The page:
'Booming' Irish factories boost hopes for jobless rate and exchequer tax revenues      

An authoritative survey shows Irish manufacturing started to boom in recent weeks
'Booming' Irish factories boost hopes for jobless rate and exchequer tax revenues      

Kieran McQuinn, research professor at the ERSI. Picture: Sasko Lazarov/Photocall Ireland

Evidence is growing that Ireland's economy is set to benefit from a huge surge in the US, suggesting that a significant rise in Government tax revenues and a fall in the jobless rate will not be far off, senior economists have said.

The hopes come as an authoritative survey shows Irish manufacturing started to boom in recent weeks and is struggling to keep up with global demand sparked by the US stimulus cheques of President Joe Biden. 

AIB chief economist Oliver Mangan said the April returns for purchasing managers working at the heart of Irish manufacturing plants had reached "record or near record readings", as factories based here join in "a global rebound in industrial activity". 

The survey shows that Irish manufacturing 'boomed' in April, breaking monthly records since the readings started 23 years ago

Significantly, manufacturing employment rose at a fast pace in the month and expectations of continuing growth for the next 12 months were also running at a record level.              

Similar surveys of manufacturing around the world in recent days tell the same story of a global economy that is set for a huge rebound.

The Irish manufacturing survey is, however, closely watched because so many of the goods made by multinationals at plants here — such as pharmaceuticals, medical devices and computer parts — are destined for global markets that are rapidly rebounding from the Covid-19 slump.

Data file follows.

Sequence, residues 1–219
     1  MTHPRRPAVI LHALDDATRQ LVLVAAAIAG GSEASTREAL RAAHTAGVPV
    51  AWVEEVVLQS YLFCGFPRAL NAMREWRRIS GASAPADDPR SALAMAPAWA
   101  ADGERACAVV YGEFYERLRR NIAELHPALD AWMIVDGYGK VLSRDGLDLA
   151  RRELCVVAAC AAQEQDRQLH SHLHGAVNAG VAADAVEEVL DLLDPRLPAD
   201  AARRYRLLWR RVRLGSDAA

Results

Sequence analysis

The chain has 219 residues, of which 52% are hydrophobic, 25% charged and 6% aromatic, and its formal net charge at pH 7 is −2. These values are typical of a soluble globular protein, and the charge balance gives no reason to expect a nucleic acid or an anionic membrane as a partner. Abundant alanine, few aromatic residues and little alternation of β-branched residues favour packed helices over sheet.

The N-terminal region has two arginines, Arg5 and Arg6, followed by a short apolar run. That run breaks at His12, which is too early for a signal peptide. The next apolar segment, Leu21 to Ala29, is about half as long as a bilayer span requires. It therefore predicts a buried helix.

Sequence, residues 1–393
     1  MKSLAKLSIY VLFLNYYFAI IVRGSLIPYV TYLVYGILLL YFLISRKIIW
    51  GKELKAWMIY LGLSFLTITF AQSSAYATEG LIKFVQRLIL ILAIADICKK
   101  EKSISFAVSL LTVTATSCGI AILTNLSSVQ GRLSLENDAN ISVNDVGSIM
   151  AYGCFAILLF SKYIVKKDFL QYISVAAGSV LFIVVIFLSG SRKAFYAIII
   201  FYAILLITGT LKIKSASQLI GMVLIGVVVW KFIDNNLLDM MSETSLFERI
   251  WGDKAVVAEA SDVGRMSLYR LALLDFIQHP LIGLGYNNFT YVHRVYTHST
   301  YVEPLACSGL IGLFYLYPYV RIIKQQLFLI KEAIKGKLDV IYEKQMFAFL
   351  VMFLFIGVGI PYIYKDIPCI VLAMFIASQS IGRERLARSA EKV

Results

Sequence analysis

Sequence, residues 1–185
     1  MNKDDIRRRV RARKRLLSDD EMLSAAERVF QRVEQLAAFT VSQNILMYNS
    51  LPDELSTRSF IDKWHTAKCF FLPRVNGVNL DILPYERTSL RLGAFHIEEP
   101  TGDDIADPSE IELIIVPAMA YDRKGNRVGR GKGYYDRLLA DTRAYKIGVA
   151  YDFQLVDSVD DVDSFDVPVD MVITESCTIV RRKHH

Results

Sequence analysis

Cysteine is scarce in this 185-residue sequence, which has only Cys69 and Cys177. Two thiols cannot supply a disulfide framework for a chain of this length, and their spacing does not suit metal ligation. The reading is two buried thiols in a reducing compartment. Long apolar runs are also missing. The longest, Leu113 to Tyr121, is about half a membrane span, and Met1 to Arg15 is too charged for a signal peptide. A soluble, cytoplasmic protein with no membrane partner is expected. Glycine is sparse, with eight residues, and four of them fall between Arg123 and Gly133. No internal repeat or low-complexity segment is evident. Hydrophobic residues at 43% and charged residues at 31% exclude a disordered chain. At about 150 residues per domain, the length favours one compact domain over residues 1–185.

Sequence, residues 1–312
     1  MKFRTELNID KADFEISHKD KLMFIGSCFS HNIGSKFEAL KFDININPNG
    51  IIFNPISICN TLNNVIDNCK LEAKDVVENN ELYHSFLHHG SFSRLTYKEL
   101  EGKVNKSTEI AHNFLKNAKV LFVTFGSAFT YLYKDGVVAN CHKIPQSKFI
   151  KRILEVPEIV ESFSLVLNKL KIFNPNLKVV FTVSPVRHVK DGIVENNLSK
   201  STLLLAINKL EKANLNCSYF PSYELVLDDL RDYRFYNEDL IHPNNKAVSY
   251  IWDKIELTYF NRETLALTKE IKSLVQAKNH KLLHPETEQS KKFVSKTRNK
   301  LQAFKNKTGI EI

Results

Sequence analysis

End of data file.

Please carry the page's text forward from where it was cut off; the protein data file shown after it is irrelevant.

If the manufacturing trends are maintained, there is potential for parts of the Irish corporate tax receipts to rise, said Kieran McQuinn, research professor at the ESRI.

Prof McQuinn said that the ESRI may now look to increase its targets for economic growth and Government tax revenues this year, amid signs the recovery is taking hold a bit faster than anticipated, and unemployment may fall faster by year-end to below the 10% rate the ESRI had previously forecast.

"There is more of a sense of optimism that is tied in with the public health news, even in the last couple of days, which has been a bit better than most people were expecting," Prof McQuinn told the Irish Examiner. "It gets at this idea that normal economic conditions are set to resume and are set to resume, if anything, a little bit quicker than we were anticipating," he said. 

Independent economists say that Paschal Donohoe, the finance minister, and Michael McGrath, the expenditure minister, have been talking up the costs of the pandemic unemployment payments and the wage-support schemes as a way of managing expectations.  

Senior economist Jim Power said that one of 'the big stories' was US tech giants were reporting profits that were 'in the stratosphere'.

"There is likely to be another surge in Irish corporate tax revenues this year," Mr Power said because of the outsized contribution big tech multinationals such as Apple and Google make to the Irish exchequer.

That will boost income tax receipts, while spending will rise sharply in the summer months from pent-up household savings, helping to boost Vat revenues from their Covid slump, he said.

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